Business

Larsen tours Arlington’s AMT

AMT CEO Mark Riffle, left, and U.S. Rep. Rick Larsen check out a wheel-well for a Boeing 737 aircraft at AMT’s Arlington facilities on March 25. - Kirk Boxleitner
AMT CEO Mark Riffle, left, and U.S. Rep. Rick Larsen check out a wheel-well for a Boeing 737 aircraft at AMT’s Arlington facilities on March 25.
— image credit: Kirk Boxleitner

ARLINGTON — When word broke that Boeing had secured a $35 billion Air Force tanker contract, Arlington-based AMT was among the local companies who saw it as good news.

When U.S. Rep. Rick Larsen met with representatives of AMT and toured their facilities on March 25, he found out how much the company stands to benefit from Boeing’s fortunes.

“About 92 percent of our parts ultimately go to Boeing,” said Matt Russell, business development specialist for AMT. “We have 298 employees and we’re adding two more spindles to the three that we already have.”

These machining centers are used to produce Boeing aircraft wing ribs, and the new ones have already required a great deal of ground work before they can even be installed. Russell and Mark Riffle, chief executive officer of AMT, agreed that the  two new machining centers have afforded trickle-down revenues to other area businesses.

“From the cement to the electrical systems, a lot of people have made money as we’ve expanded,” Riffle said. “With 162 yards of concrete that had to be laid, we’ve had more contractors than employees on site some days,” he laughed.

Larsen noted that, in his discussions with other businesses throughout the region, “I’ve asked them what’s stopping them from hiring more employees, and they’ve told me they’re waiting on the delivery on the 787.”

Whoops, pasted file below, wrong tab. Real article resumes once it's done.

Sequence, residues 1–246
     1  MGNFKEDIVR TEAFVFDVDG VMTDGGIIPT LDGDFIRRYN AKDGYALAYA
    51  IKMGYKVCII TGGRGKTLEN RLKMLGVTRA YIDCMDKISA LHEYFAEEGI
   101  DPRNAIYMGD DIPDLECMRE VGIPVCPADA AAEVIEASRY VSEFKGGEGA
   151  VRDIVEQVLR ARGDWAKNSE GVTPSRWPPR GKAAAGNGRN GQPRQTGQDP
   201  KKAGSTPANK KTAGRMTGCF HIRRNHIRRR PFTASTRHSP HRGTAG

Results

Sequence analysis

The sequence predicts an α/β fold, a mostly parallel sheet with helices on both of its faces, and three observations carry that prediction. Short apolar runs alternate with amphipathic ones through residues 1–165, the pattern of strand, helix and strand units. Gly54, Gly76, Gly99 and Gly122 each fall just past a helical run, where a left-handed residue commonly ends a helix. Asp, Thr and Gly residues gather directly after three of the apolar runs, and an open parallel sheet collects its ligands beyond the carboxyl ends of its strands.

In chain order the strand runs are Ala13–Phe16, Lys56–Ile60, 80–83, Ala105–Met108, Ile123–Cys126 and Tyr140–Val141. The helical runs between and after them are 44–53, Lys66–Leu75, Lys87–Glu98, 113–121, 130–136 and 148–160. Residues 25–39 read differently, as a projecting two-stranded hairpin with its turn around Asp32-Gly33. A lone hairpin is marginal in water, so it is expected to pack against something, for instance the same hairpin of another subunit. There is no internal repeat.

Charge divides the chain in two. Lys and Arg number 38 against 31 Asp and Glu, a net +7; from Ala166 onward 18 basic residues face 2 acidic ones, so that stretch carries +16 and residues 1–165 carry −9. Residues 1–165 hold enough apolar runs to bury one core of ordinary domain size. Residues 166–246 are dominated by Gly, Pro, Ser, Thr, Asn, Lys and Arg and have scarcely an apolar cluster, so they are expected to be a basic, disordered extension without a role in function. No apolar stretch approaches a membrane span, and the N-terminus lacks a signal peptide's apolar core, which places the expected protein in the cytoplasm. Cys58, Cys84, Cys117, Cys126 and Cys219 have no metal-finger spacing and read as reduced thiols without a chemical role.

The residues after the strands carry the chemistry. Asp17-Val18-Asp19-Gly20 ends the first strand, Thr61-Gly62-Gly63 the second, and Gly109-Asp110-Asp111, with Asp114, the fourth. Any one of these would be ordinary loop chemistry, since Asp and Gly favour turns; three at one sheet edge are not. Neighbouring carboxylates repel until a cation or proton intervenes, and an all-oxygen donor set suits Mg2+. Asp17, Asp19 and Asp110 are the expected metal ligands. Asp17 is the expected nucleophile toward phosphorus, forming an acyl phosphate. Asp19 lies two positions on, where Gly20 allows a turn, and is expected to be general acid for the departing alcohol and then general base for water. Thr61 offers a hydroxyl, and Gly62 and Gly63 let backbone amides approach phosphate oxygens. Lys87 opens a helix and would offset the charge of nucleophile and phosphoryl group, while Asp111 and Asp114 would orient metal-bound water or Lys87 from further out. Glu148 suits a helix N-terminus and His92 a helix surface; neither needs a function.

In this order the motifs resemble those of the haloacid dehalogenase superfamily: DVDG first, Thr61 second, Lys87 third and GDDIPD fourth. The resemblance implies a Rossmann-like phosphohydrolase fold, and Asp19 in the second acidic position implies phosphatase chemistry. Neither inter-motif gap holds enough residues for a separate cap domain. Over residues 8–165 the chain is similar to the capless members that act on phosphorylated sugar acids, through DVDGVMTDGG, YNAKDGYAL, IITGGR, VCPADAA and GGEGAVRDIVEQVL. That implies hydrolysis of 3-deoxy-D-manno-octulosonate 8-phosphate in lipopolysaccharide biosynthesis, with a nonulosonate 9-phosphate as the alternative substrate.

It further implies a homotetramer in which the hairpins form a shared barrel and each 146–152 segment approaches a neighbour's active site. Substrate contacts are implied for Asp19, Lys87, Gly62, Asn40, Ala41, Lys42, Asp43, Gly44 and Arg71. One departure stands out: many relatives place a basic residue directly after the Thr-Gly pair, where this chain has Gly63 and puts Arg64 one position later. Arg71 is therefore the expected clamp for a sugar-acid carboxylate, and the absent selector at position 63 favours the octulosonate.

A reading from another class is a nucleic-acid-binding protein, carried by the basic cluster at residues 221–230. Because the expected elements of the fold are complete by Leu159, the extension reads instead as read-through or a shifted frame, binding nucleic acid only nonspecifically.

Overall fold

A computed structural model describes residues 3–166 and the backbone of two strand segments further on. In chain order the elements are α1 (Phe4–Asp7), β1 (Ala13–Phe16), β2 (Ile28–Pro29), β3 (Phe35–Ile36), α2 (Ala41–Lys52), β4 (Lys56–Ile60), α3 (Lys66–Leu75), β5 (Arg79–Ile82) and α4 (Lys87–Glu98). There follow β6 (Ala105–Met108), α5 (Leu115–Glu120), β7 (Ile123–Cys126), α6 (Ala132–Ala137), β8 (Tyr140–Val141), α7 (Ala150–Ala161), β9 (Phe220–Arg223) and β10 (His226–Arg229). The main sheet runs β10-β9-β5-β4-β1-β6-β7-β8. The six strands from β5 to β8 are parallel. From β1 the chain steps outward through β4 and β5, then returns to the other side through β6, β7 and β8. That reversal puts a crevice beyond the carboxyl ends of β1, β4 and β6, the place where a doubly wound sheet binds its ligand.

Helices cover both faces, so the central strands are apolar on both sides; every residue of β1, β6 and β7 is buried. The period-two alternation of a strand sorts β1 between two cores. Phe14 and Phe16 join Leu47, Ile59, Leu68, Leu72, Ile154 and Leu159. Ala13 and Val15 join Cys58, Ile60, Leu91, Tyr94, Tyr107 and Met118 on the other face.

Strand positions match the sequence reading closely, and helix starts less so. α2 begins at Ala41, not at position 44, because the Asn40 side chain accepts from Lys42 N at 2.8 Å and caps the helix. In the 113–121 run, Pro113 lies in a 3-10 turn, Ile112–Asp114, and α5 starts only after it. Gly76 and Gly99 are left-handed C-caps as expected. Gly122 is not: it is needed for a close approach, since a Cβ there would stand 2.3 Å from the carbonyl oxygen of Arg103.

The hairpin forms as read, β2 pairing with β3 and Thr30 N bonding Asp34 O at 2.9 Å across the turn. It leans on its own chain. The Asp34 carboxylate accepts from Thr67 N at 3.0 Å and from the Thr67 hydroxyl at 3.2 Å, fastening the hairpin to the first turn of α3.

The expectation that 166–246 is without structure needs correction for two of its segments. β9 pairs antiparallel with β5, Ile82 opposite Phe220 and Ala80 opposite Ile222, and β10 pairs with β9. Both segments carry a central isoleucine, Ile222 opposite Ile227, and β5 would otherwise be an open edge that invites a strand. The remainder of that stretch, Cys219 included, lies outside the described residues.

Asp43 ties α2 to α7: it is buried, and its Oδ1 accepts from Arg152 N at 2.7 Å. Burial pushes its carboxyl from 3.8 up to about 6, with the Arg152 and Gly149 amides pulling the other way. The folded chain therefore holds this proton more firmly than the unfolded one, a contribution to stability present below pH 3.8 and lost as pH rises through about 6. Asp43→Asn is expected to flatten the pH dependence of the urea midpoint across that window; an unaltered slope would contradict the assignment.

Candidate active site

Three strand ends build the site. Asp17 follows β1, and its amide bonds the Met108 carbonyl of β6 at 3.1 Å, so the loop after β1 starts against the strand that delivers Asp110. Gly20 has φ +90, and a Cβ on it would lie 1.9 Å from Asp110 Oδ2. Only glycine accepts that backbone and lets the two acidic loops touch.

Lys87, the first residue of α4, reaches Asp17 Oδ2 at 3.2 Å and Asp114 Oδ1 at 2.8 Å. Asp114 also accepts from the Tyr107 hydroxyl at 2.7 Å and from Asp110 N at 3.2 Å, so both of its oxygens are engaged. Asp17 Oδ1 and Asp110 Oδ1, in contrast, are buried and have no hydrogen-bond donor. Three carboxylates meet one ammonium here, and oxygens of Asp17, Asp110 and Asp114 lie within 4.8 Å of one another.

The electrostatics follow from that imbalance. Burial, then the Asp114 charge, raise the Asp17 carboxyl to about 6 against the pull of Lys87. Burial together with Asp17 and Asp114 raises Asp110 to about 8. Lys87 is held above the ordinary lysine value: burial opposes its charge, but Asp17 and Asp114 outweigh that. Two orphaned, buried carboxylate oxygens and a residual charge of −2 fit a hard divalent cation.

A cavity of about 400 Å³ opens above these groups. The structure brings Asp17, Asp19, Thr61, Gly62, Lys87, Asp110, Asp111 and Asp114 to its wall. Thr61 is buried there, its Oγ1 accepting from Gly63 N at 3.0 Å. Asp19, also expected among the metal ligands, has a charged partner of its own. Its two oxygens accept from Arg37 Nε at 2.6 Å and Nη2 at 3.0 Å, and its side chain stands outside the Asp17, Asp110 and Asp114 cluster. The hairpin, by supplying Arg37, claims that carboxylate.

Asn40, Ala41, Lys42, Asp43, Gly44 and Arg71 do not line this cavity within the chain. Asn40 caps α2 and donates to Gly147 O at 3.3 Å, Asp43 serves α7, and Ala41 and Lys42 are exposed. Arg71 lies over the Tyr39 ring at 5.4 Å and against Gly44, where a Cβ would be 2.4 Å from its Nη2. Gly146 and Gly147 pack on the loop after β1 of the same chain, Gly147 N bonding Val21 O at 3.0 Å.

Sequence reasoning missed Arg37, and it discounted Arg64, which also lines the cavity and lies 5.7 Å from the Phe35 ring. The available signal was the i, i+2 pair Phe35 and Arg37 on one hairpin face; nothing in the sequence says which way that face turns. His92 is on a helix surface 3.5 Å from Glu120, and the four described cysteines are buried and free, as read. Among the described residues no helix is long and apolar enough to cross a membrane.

“We’re anticipating a surge, which is why we’re hiring right now,” Riffle said. “We have 20 openings to fill.”

Although AMT is ramping up its production capacity in no small part to accommodate the tanker, Riffle pointed out that its parent company’s $5 million investment in new technology such as the machining centers was made about five years out. Likewise, AMT’s production is already designed to make entry-level employees as efficient as possible.

“It’s not just about knowing where to drill the holes, but the whole process,” Riffle said. “They’re tested on procedures and their tools are laid out like a NASCAR pit-stop. It’s the concept of workflow. We’re taking people who might be working at McDonald’s and teaching them a transferable trade.”

Russell added that, as AMT’s business expands, it will be pursuing relationships with other businesses as well, so that its fate won’t be tied quite as strongly to Boeing.

“The Air Force is our number-one customer right now, though,” Riffle said.

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